A group of scholars, scientists and activists have penned an Ecomodernist Manifesto in which they set out conditions for the achievement of a “good or even great” Anthropocene. (The term Anthropocene is used to refer to the current era, which started approximately 10,000 years ago when human activities began to have a significant impact on Earth’s ecosystems.) The authors state that humans should use their growing social, economic and technological powers to make life better for people, stabilise the climate and protect the natural world.
Ecomodernists believe that by intensifying human activities in fields such as urbanisation, nuclear energy and agriculture, we will be able to disconnect or decouple environmental degradation from economic growth. This belief stems from a firm trust in technology and growth as solutions to human and environmental problems.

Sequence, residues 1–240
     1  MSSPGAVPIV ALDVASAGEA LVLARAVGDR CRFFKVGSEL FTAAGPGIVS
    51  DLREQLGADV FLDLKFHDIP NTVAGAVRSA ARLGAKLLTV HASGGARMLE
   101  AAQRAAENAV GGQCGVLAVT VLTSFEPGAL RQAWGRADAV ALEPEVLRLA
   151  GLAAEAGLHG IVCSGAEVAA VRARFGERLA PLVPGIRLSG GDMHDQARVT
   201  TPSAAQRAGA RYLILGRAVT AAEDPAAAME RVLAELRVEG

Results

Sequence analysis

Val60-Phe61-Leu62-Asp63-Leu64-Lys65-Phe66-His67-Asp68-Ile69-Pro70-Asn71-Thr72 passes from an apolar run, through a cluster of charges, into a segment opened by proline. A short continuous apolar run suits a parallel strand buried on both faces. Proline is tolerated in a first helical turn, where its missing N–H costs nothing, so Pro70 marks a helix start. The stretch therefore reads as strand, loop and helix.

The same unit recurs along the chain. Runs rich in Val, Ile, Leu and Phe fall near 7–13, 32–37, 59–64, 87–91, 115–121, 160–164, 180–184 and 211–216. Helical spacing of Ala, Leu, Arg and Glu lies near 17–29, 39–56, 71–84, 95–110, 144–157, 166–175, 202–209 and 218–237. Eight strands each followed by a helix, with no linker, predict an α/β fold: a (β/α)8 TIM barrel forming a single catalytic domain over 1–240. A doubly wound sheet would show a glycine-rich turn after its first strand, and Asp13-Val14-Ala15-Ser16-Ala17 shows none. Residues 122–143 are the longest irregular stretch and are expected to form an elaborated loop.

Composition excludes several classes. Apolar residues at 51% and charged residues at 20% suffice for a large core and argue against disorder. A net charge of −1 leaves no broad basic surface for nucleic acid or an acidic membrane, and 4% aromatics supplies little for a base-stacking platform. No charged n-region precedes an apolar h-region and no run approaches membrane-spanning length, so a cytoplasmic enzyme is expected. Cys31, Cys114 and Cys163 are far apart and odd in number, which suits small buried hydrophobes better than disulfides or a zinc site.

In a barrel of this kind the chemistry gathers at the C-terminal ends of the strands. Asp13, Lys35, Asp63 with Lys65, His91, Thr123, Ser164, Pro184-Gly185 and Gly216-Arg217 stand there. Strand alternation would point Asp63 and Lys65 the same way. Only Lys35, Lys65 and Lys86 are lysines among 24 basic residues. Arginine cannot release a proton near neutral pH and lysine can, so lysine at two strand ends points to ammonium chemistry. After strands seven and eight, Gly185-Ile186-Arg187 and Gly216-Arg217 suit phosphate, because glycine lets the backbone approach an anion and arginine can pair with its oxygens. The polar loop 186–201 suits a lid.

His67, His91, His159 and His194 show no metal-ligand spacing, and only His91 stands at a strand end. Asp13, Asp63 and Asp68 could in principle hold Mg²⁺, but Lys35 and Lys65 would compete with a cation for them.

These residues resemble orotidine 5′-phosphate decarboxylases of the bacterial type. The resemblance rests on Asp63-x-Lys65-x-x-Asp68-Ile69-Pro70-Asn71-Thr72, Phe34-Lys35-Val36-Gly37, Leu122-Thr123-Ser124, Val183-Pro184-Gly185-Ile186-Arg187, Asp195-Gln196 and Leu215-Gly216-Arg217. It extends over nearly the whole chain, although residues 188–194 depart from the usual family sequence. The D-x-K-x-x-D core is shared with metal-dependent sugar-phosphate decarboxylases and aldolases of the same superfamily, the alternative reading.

One concern about the approach of the Ecomodernists is the lack of urgency with which they address environmental issues such as climate change. The Manifesto states that problems affecting humans directly — such as lack of access to potable water — should be addressed first. This approach fails to take into account the fact that climate change is already having a significant impact.
Population also is not adequately addressed. The authors acknowledge that past societies had less of an impact on the environment due to their smaller populations, but fail to address the many problems caused by our continuing population growth. In addition, while acknowledging that decoupling may only happen through a combination of technological and demographic changes, the authors offer only technology as a solution to environmental problems.
The Manifesto is an interesting and thought-provoking document, but it must be viewed with a critical eye.